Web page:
Atop long and winding Page Mill Road in Northern California, where the miles turn over without fanfare, a driveway stretches, removed from Silicon Valley below. At its end, a house, and inside, Henry Evans lies in bed. It’s where he spends between 18 and 24 hours of each day. Occasionally, he is taken to the bathroom or put in a wheelchair. A few times each week, he is placed outside by the garden. Most of the time, though, he is here, head propped up, the rest of his body motionless beneath the covers.
It’s been like this for more than a dozen years. Though Henry can turn his head and has limited use of one finger on his left hand, the rest of his body is paralyzed. And though he can let out a deep laugh and cry, he cannot speak. But Henry can feel everything—every itch he cannot scratch, every pain he cannot ease, and every pressure he cannot relieve.
Then there are his eyes. They smile and roll when he teases. They narrow and focus, connecting the distant world with the bright mind still fully functioning inside his head.
There are a few ways in which Henry speaks. A wink of his left eye is a request to scratch an itch. Blinking twice means “thank you.” Rolling his eyes toward the ceiling means Henry is requesting the letter board, a translucent plastic rectangle with sets of letters in various places: ABC in the top left; DEF in the top middle; GHI in the top right, and so forth. As Henry’s wife, Jane, holds up the board, she follows his eyes and calls out the letters he focuses on, spelling words as he goes. Often, she finishes them for him.
“I, P, O—I posted—A, N—and—T, W—two people …,” Henry begins telling me through Jane one evening, describing a note he posted to a website. With Jane’s help, Henry’s words come fast. Then Jane puts the board down and leans in, and Henry moves his eyes to where the letters would be. Jane, too, has the board memorized and reads as they go, spelling out his sentences.
Henry’s story is as much about Jane as it is about him. “We are one person,” Henry jokes. “We just can’t decide if we are a boy or a girl.”
Jane radiates warmth and positivity. She’s quick to laugh, and Henry says she has greatly prolonged his life. The two grew close in high school and were married in their early 20s. “It was like magic,” Jane says of their first dance. “I felt like I was home.” Although she’s more than a foot shorter than Henry, Jane manages to lift him out of bed and into a wheelchair. She adjusts him to ease pressure and feeds him. Sometimes, when they long for an embrace, she maneuvers his arms to wrap around her, squeezes him, and feels the pressure of him leaning in.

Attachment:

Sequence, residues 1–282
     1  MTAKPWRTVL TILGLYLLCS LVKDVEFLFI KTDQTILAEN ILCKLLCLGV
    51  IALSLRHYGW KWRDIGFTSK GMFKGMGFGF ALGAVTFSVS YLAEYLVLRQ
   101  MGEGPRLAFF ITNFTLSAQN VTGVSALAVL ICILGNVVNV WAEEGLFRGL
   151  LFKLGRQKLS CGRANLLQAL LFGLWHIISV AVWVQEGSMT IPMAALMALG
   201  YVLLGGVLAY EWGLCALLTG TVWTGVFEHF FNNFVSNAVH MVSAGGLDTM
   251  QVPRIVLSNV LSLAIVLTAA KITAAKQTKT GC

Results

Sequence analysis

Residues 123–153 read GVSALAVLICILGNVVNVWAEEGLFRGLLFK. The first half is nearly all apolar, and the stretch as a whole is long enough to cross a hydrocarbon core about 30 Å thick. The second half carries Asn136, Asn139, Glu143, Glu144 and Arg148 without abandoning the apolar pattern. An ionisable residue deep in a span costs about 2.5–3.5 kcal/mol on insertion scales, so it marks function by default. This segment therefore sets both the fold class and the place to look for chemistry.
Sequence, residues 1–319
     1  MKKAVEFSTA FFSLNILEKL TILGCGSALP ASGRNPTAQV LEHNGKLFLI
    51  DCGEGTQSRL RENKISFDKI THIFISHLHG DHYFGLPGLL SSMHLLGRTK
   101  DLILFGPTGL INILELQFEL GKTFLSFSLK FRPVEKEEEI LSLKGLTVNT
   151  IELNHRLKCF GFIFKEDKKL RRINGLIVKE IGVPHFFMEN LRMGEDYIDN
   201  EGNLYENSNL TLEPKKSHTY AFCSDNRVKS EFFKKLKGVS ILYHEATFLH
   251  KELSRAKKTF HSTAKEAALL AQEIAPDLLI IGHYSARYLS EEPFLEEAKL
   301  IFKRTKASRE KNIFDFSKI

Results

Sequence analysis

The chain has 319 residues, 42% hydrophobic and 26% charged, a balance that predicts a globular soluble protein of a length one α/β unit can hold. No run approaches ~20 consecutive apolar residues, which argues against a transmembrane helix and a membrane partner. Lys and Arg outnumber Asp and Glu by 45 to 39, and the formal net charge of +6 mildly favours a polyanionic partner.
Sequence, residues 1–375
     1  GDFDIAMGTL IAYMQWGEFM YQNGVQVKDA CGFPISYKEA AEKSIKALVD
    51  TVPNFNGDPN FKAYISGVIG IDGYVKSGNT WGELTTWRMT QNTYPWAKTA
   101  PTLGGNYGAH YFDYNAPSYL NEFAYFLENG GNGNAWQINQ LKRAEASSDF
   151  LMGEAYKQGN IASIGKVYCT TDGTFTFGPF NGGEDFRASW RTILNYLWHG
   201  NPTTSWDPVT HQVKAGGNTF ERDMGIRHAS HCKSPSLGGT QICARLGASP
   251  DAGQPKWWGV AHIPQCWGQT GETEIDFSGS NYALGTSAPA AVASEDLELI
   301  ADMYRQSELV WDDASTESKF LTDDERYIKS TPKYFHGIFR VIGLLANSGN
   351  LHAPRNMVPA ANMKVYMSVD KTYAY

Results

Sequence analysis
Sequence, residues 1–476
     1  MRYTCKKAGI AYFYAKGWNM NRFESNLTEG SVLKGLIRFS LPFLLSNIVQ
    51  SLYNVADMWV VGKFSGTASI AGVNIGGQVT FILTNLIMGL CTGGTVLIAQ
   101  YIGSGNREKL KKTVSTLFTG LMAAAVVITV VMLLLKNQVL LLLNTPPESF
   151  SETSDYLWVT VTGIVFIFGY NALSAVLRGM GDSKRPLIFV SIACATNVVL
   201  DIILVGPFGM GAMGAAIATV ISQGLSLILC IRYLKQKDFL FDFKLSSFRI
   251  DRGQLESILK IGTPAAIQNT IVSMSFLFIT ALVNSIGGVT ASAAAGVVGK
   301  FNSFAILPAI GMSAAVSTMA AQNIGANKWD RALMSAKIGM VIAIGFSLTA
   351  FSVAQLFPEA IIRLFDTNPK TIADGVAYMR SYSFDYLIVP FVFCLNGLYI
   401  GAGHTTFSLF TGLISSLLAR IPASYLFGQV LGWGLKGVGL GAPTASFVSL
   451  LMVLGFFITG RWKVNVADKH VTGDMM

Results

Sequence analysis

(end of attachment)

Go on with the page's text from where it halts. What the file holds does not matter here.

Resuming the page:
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In 2002, Henry’s life was full. He was physically fit and a towering presence. The chief financial officer at a start-up, he and Jane had four young children. Eight months earlier, they had bought their first house, on a beautiful piece of land in Los Altos Hills. Henry, good with his hands, looked forward to renovating it. He was 40, and life was just beginning.
One August morning, Henry was driving his children to school on the way to work when his vision narrowed, and his speech began to slur. He focused on the road and dropped his children off, and then he turned around. Six miles back up the hill, Henry stumbled into the house. He told Jane that he just wanted to lie down. She said they were going to the doctor. Henry had to crawl to get back to the car.
In the emergency room, Henry’s right arm went limp. “I’m so scared,” he told Jane. And then he fell into a coma.
Doctors initially thought Henry might have meningitis. It turned out that a birth defect had precipitated the stroke-like symptoms. He was put on life support, and when he emerged from the coma two weeks later, he was unable to speak or move. Jane noticed he tracked her with his eyes.
“I soon realized they were all I could move,” Henry writes. “My dad explained that I had no motor control, and I got it—I was trapped in my own body.”
At first, Henry was unable to breathe on his own. He had a tracheostomy and a feeding tube, and he was on about 25 medications. Two blinks became “yes,” and one, “no.” He was barely alive, but his mind and his senses were perfectly intact.
Four months later, Jane and Henry returned home. Though Henry had developed use of a finger and better control of his neck, he had a hard time thinking about living. For the next three years, Henry talked to Jane about helping him with suicide.